In each community across the United States, law enforcement is the most critical element in protecting infrastructure and responding to a terrorist act. You are the linchpin that will hold your community together in a time of crisis, maintain order, protect other emergency responders like fire-fighting and emergency medical personnel, stop the terrorists from further action, and set the example for others to prevent panic. Make no mistake. The everyday cop in every little town or big city is essential to all of our anti-terror (preventive) and counter-terror (reactive) plans.
This is why it’s important for you to be able to analyze vulnerabilities in your community, prioritize potential targets, and plan for a response. In other words, to protect your jurisdiction from dedicated and motivated fanatics, you need to look at it through their eyes.
Protecting any organization, group, or community involves four basic steps: Identifying the threat and its methods of attack, determining what places and things in your jurisdiction are the most important “targets,” studying the weaknesses of the potential targets in light of the threat(s), and finding resources to improve protection of potential targets or limit the terrorist’s options.
Know Your Enemy
Terrorism, in its simplest form, is a criminal act designed to have an impact beyond the immediate target audience. We classify terrorism as a crime for two reasons. First, intimidation, kidnapping, vandalism, torture, and murder are crimes in our society, regardless of the reasons for committing these acts. Second, if we do not classify terrorist acts as crimes, we legitimize the efforts of terrorists; i.e. it’s OK for terrorists to kill people because they are either misunderstood, oppressed, or for some other ding-a-ling reason.
And if you think that all terrorists come from countries whose names end in the syllable “stan,” or they all wear turbans, or all bow to Mecca five times a day, then put that out of your head. Terrorists are a part of every nation and culture in the world, and they have been for thousands of years.
The thing that makes terrorist organizations difficult to catch is that they maintain great secrecy. This is accomplished by organizing into cells that often consist of as few as two to six personnel. The people in each individual cell may have no knowledge of other cells in the same city. Such an organizational structure makes it hard for law enforcement to arrest one cell member and roll up the whole network.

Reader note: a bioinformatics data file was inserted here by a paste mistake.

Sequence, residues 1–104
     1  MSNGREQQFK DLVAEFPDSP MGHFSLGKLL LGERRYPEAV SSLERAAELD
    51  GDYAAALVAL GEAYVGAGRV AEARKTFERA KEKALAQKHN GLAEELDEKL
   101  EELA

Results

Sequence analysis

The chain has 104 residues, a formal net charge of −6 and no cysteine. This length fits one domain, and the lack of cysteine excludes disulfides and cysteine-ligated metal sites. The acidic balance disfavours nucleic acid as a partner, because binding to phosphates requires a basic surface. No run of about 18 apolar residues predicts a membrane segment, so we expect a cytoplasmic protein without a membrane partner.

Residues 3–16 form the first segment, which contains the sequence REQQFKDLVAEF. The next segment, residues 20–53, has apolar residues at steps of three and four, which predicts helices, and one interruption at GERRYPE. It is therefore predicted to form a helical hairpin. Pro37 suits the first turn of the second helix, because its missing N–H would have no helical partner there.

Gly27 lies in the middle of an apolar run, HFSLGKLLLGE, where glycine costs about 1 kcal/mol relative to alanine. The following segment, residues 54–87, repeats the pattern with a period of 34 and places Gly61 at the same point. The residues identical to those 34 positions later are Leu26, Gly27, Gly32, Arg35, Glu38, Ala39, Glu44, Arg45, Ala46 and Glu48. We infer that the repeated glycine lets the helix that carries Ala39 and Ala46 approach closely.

Worse, organizations like Al Qaeda have now refined their cellular structure so that each cell is an independent element. This means that a single cell can independently organize, gather resources, communicate with other cells, obtain financing, collect intelligence, plan an operation, train, and execute a terrorist act.
In all likelihood that act will be a bombing. Terrorists typically favor a single, horrific event that produces the largest body count possible. And when it comes to bang for the buck, explosives have a tendency to yield lots of carnage.
This is why during the last decade, bombings have been the most preferred technique used by terrorists, leading all other types of attacks in frequency by as much as 85 percent. Of course, that doesn’t mean that bombs are the only terrorist tool. Sniper attacks, kidnapping, extortion, sabotage, and propaganda-based threats round out the terrorist’s repertoire.
Know What to Protect
Now that we’ve discussed the characteristics of terrorists and their methods, let’s talk about law enforcement priorities and how to analyze potential targets in your community.
The top priority of local law enforcement is security. It forms the basis from which all other emergency responses originate. The 1992 Los Angeles Riots is a poignant example of how important security can be in a crisis. Officers were actually called into action to provide cover fire for other emergency responders who were trying to save lives and property. But in other locations, officers were not available to stop people from running amok and vandalizing entire city blocks because there was insufficient security presence to stop them. This is not intended as a slight against the Los Angeles Police Department, but it is an example of how personnel deployment decisions during a crisis have many consequences and are among some of the toughest decisions made by onsite leadership.